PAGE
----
Thursday, April 26, 2007

[EN] Django extending User, custom User methods

Django doesn't allow to subclass the User model yet.

Each Django model lets you easily create model methods.
Behind the scene, each django model has its own methods, f.e. save()
which saves the model data into the database.

Django provides the lightweight User framework in "django/contrib/auth/",
where "User" model is defined with fields:

username, password, is_staff, first_name, last_name, email, date_joined, last_login,
is_superuser, is_active

What if we need the user model with additional data like: age, location ?

The answer is: "extending the User model" by creating a new model
and linking it with "User" model via ForeignKey.


from django.contrib.auth.models import User

class Userprofile(models.Model):
user = models.ForeignKey(User, unique=True)
age = models.IntegerField()
location = models.CharField(maxlength="100", verbose_name"Country")

To create a new user, django comes with a special "create_user" method.
user = User.objects.create_user('robert', 'rsome@email', 'somepassword')

You could do this also using the standard model create like:
user = User(username='someusername', is_active=True, email='some@email', first_name='john', last_name='doe')

As we have a new User record, to create a new "linked" UserProfile you would:
user = User.objects.get(name='someusername')
user.userprofile_set.create(age=22, location='Poland')

Django will automagically create the new UserProfile with "user" ForeignKey pointing
to the right User instance. Cool !

Question! How do I work on two separated models? Do I need to grab the UserProfile
instance for each request.user I operate in my views ?

Answer: Normally, you woule have to use the code below:
userprofile = Userprofile.objects.get(user=request.user)

Django comes with a special variable "AUTH_PROFILE_MODULE' which should point to your Userprofile model.

AUTH_PROFILE_MODULE = 'yourapp.Userprofile'

which lets you easily get into the "UserProfile" by using the "get_profile()" method.

Example: (in your either or template):

location = request.user.get_profile().location
{{ user.get_profile.location }}

user_profile() does not only allows you to get the model data.
It allows you to get the model methods as well.


class Userprofile(models.Model):
user = models.ForeignKey(User, unique=True)
age = models.IntegerField()
location = models.CharField(maxlength="100")

def __str__(self):
return self.location

def is_of_age(self):
if self.age < 18:
return False
return True

This lets you do some conditioning in your views:
if request.user.get_profile().is_of_age():
print "Yes, I will sell you this beer"


Another +1 for Django !

Links for reading:

Wednesday, April 25, 2007

[EN] Django model managers, Do Not Repeat Yourself !

I've recently come up with a great django feature "model Managers".

Each django model has it's own manager class, which can be overriden by your custom class.

Let's say there's a model containing fields:

class Person(models.Model):
name = models.CharField(maxlength="100", blank=False, verbose_name="Your name")
age = models.IntegerField(verbose_name="Your age")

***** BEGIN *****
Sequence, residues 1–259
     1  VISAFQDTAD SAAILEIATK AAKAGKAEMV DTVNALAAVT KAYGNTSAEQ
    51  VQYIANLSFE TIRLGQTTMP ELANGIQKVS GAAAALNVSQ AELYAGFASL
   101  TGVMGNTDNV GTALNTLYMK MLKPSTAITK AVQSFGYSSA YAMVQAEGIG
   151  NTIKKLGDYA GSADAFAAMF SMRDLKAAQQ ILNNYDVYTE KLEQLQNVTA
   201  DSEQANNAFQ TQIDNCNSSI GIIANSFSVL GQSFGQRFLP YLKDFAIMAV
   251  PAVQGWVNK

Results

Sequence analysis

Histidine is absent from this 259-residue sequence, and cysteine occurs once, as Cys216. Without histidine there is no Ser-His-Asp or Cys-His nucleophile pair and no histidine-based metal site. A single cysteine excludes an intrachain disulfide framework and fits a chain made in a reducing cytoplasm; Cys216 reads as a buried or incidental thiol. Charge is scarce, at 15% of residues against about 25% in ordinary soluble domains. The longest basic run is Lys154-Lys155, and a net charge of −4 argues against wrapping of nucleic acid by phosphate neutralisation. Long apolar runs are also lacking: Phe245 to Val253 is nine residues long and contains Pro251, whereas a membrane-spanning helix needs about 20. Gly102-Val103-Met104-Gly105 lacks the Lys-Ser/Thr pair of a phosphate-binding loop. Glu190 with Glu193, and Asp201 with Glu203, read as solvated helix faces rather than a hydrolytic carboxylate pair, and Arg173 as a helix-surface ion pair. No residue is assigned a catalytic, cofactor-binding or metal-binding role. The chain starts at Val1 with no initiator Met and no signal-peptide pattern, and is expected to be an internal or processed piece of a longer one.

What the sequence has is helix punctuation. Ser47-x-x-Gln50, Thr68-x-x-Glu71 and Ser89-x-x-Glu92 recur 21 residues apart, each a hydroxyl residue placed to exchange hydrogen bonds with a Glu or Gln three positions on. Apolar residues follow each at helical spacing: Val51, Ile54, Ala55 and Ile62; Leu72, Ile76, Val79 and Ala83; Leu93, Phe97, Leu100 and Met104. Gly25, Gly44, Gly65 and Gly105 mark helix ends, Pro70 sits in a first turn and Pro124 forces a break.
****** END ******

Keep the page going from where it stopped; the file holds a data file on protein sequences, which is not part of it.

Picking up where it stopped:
def __str__(self):

You need to use this model in many places, and you need to select people by age and mark
them as child, teen, older.

Each time you select them you would need to crate a queryset like:

children = Person.objects.filter(age__lt=13)
teen = Person.objects.filter(age__gte=13).filter(age__lt=18)
older = Person.objects.filter(age__gte=18)

Anytime you use this function, you would need to write the filter statements.

Thanks to model managers, you can do it once, and use it in your code anywhere.

class PersonManager(models.Manager):
def get_children(self):
return self.filter(age__lt=13)
def get_teens(self):
return self.filter(age__ge=13).filter(age_lt=18)
def get_olders(self):
return self.filter(age__gte=18)

and put:
objects = PersonManger() in your model class so the class looks like:

from django.db import models

class Person(models.Model):
name = models.CharField(maxlength="100", blank=False, verbose_name="Your name")
age = models.IntegerField(verbose_name="Your age")

objects = PersonManger()

def __str__(self):

To select teens, you can use: Person.objects.get_teens().
You can use any standard queryset options like .filter, .exclude etc, for example:

To get teens, with name not starting with "s".
Person.objects.get_teens.exclude(name__startswith: "s")

Also, you can change parameters for model managers functions.

Let's say you want to select teens, olders, children with name starting with some letter.

Modify your model manager functions, so they look like (I will modify just the one here).

def get_teens(self, name_filter_letter=None):
if name_filter_letter is None:
return self.filter(age__ge=13, age_lt=18)
return self.filter(age__ge=13).filter(age__lt=18).filter(name__startswith=name_filter_letter)

And use it like:

Custom managers can do many other things, they are a standard python methods.

Note that you don't need to use the name:
objects = PersonManager()

You can use your own name as well:
persons = PersonManager()

which results in:

One more thing:
You can go deeply and override the models.Manager get_query_set() method, for example:

You want to grab teens from the model:

Create model subclass like:

class PersonTeensManager(models.Manager):
def get_query_set(self):
return super(PersonTeensManager, self).get_query_set().filter(age__lt=18).filter(age__gte=3)

and put:

teens = PersonTeensManager() in your model class.

In your views, use the queryset:

teens = Person.teens.all()

Isn't that simple?!

For more documentation take a look here: